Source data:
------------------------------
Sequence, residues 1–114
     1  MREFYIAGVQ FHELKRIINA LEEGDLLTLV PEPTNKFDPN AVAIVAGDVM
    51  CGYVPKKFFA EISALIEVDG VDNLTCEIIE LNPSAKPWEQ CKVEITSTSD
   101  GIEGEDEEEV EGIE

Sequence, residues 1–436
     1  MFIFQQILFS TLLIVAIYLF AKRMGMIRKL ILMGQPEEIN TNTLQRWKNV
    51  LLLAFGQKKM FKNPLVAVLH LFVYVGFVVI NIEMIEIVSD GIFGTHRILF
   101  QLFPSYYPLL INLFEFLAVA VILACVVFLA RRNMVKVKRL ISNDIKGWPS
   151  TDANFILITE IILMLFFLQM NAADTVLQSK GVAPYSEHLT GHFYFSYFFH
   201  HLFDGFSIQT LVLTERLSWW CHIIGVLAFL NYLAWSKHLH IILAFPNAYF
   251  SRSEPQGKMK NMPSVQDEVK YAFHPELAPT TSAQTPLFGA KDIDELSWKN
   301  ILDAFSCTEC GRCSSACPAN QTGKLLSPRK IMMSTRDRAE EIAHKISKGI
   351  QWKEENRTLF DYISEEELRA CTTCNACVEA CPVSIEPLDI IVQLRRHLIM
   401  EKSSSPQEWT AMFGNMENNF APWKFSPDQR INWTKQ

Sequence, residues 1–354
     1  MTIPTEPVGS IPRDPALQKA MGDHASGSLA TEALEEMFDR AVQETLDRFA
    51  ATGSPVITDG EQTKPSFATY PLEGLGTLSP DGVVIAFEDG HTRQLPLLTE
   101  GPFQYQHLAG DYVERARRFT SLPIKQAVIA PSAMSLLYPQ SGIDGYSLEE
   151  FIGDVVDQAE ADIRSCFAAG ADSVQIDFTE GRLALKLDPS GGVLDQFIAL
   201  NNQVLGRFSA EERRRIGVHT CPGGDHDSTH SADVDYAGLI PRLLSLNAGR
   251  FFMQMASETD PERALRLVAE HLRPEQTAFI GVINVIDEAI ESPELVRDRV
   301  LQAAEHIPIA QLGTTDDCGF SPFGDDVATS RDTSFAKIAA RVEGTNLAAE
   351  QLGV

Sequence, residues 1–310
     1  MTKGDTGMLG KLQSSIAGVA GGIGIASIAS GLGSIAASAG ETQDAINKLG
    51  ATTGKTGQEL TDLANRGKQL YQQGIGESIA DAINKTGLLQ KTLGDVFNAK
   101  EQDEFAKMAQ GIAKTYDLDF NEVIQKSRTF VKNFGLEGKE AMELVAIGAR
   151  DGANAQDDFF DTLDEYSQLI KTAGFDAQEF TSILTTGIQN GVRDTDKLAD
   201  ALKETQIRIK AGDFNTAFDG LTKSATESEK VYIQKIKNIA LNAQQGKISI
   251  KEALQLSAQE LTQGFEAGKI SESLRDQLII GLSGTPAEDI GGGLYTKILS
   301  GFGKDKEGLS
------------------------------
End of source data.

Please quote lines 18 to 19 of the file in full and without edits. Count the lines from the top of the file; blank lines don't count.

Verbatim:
   101  GPFQYQHLAG DYVERARRFT SLPIKQAVIA PSAMSLLYPQ SGIDGYSLEE
   151  FIGDVVDQAE ADIRSCFAAG ADSVQIDFTE GRLALKLDPS GGVLDQFIAL